Internal Microsoft Vista SP1 Video
I'll admit it: It's easy to point your finger and laugh at this video. It makes the executives that thought it up seem hopelessly out of touch, and it makes corporate culture look even more despicable than the "One Bank" U2 cover did last year. Come on - Bruce ServicePack and the Vista Street Band? "Rockin' Our Sales"? This video is bordering on self-parody, and I can't really blame anyone for making fun of it, but if you're going to laugh, at least give me a chance to explain how this happened.
I should know: I'm the one who made it.
I'd made a few internal corporate videos before. Nothing big or anything; I cut my teeth on Wendy's "Grill Skill", but I didn't really start getting any attention until Apple's "Black & Blue". That was when things really started to take off for me, but it was also when Steve Ballmer started calling me... constantly.
It was the fall of 2006, and I got a call from an unfamiliar number. I had already blocked Ballmer's home, office and cell numbers, but this time he was calling me from a payphone.
"Rossy, baby," he said. "I've got a cherry of a project for you. Our new product line is launching next-"
"I already told you, Ballmer, I'm not interested," I said. "Now if you'll excuse me, I'm about to watch the series premiere of some new show called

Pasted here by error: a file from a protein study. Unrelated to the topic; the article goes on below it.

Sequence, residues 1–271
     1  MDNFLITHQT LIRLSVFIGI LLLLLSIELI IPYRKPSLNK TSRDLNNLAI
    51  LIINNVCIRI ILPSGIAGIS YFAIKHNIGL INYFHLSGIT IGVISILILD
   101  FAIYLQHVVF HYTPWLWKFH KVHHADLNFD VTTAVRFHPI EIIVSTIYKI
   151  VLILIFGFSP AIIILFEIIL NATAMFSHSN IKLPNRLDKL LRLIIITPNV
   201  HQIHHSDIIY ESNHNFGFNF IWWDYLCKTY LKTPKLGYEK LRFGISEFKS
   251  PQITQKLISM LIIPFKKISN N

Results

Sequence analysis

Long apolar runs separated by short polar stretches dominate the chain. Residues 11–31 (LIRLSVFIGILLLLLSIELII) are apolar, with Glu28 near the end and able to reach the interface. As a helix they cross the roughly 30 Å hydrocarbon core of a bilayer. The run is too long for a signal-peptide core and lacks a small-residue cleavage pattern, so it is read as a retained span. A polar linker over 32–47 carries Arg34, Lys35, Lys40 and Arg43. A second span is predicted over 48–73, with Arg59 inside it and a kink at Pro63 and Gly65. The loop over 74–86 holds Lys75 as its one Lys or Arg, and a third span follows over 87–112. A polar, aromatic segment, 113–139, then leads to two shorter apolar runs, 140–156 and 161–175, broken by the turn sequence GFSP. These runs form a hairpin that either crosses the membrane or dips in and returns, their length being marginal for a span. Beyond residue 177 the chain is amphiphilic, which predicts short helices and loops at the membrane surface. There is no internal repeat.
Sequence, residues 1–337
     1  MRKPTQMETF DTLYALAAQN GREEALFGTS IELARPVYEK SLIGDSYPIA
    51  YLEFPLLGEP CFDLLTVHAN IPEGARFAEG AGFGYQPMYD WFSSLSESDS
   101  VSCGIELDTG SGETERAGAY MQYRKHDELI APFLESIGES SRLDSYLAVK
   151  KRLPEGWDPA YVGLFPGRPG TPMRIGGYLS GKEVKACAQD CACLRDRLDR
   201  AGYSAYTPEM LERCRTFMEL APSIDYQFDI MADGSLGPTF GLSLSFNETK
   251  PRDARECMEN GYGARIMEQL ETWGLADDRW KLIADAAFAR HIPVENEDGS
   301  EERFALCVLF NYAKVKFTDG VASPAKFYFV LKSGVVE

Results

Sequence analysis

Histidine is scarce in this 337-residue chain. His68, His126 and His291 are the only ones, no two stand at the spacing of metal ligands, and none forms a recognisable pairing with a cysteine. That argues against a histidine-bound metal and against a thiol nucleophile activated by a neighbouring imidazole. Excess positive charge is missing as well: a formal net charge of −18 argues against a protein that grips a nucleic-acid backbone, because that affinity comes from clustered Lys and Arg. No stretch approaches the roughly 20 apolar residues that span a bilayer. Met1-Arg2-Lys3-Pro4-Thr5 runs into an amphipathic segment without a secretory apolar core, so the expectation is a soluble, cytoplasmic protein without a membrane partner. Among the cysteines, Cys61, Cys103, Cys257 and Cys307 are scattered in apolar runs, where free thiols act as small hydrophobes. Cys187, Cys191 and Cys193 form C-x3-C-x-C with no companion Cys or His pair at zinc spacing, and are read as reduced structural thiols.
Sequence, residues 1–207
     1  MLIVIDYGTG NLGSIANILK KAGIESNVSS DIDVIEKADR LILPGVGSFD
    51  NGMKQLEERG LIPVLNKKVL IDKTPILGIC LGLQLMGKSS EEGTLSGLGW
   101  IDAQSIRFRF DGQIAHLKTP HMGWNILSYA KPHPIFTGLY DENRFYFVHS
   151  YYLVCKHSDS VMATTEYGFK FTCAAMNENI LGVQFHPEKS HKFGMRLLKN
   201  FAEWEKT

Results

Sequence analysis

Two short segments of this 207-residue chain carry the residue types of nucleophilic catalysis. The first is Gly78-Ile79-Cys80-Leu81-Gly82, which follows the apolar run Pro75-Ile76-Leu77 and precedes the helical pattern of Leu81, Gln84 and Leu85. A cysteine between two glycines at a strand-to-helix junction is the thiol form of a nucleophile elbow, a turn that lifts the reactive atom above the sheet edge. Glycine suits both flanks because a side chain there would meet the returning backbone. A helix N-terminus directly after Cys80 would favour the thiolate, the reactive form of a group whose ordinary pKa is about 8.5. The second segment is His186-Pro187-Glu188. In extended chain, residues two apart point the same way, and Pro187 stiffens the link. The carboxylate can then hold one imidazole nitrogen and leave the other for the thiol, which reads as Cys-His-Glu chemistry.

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"We're prepared to offer you whatever you want," he said.
"Whatever I want?"
"Whatever you want."
There were problems from the get-go. The budget was too small, the shooting schedule was impossible, and I'm pretty sure the guy we cast as Bruce ServicePack was a junkie (I started getting suspicious when I walked into the bathroom and there he was, shooting heroin). I said I thought the saxophone solo was gratuitous; Ballmer said it was essential to hyping up the team. I said I thought the BitLocker superhero bit was hackneyed and tired; Ballmer said he had already promised the part to his down-on-his-luck nephew.
Then there was the catering... Christ, don't even get me started on the catering.
Ballmer fought me every inch of the way and turned the whole project into the watered-down, middle-of-the-road pile of garbage you see now. It was the first and last time I would ever work for Microsoft, but I'm not trying to dodge the bullet here. It's my fault this video exists, and for that I sincerely apologize to all of you.
And that, my friends, is the story of how I came to own a swimming pool filled with kittens.